Acustimulations is electrostimulation of acupressure points (most commonly, the P6 point) by transcutaneous, electrical stimulation through a wristband device. A wristband device currently available is the Reliefband®, a class II device approved by the U.S. Food and Drug Administration for the treatment of chemotherapy-induced nausea and vomiting (CINV). The device delivers slow, weak, electrical impulses to the P6 point via two metallic electrodes. Patients can adjust the electrical output to deliver 10–35 mAmps per pulse. Reliefband® (for the indication of CINV) requires a prescription. Acustimulation has been evaluated in CINV and fatigue.
Effectiveness Not Established
Research Evidence Summaries
Gadsby, J. G., Franks, A., Jarvis, P., & Dewhurst, F. (1997). Acupuncture-like transcutaneous electrical nerve stimulation within palliative care: a pilot study. Complementary Therapies in Medicine, 5, 13–18.doi: 10.1016/S0965-2299(97)80084-2
Intervention Characteristics/Basic Study Process:
Acupuncture-like transelectrical nerve stimulation (AL-TENS) with low-frequency, high-intensity stimulation using acupuncture points for emesis and analgesia was delivered by a nurse practitioner in five consecutive daily treatments. The study was divided into three groups: AL-TENS, standard care, and standard care plus placebo.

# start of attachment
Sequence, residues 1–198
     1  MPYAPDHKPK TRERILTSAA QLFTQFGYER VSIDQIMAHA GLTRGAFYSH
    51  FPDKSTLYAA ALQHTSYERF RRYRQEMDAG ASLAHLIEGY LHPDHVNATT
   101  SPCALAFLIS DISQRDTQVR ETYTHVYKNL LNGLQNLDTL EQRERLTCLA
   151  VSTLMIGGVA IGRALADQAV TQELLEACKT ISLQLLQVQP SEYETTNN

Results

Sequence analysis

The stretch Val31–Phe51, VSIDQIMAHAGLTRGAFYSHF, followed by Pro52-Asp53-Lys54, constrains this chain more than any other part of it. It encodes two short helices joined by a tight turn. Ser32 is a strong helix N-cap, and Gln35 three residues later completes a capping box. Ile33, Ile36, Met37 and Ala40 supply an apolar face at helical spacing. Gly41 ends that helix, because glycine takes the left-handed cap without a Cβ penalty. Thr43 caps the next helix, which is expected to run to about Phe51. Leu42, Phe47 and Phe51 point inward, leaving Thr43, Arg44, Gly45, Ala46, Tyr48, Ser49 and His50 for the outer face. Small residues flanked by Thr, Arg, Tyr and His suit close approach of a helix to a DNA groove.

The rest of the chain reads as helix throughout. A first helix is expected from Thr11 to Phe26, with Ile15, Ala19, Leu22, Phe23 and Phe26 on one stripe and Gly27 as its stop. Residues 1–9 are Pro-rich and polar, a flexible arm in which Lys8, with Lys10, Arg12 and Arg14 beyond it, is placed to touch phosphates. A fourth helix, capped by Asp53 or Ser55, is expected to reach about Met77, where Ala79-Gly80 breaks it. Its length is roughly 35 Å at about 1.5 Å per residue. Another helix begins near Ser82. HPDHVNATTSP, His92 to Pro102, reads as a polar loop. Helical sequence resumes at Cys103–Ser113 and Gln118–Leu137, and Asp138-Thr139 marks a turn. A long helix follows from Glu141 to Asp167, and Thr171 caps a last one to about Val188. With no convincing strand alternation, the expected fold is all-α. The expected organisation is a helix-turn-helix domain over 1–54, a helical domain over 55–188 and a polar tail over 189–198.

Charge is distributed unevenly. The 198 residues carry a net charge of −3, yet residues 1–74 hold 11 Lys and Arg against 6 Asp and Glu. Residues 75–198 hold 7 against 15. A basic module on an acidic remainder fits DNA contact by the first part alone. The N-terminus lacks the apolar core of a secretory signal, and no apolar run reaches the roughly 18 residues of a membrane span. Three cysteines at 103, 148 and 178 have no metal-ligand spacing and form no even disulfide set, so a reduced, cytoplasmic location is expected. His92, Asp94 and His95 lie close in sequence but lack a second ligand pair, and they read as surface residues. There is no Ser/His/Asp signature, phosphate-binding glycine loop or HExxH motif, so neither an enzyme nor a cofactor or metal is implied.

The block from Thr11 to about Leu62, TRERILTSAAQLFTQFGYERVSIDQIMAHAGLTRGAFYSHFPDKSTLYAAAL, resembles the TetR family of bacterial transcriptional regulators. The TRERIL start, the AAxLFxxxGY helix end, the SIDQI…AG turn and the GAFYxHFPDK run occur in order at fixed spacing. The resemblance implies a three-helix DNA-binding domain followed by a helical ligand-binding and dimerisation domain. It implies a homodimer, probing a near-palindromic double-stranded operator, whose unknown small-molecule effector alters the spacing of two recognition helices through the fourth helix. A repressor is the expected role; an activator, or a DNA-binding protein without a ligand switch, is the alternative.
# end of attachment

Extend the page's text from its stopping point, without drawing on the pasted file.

- The study included 15 adults with multiple cancer diagnoses admitted for symptom control for pain or nausea and vomiting.
- Complete data were collected for 13 participants.
- Age ranged from 38 to 74 years.
- Of the participants, 14 were female, all were Caucasian, and three were in the end-of-life phase of care.
- United Kingdom
The study was a pilot study and a double-blind, randomized, controlled trial.
- European Organisation for Research and Treatment of Cancer Quality of Life Questionnaire (EORTC QLQ-C30) fatigue subscale at baseline and day six (posttreatment)
- Nausea and vomiting
- Quality of life (QOL)
- High baseline levels of electrical resistance were observed.
- Fatigue decreased compared to the controls.
No significant differences were observed, but the study was underpowered and groups were not equivalent in symptoms at baseline.
- The very small sample led to a lack of power and inability to control covariates.
- Groups were not equivalent in baseline symptoms.
- The power estimates for QOL seemed inaccurate.
- No information was provided related to patient tolerance of treatment or adverse events.
Nurses should be trained in the use of AL-TENS and identification of acupuncture points. Future trials focused on fatigue are recommended.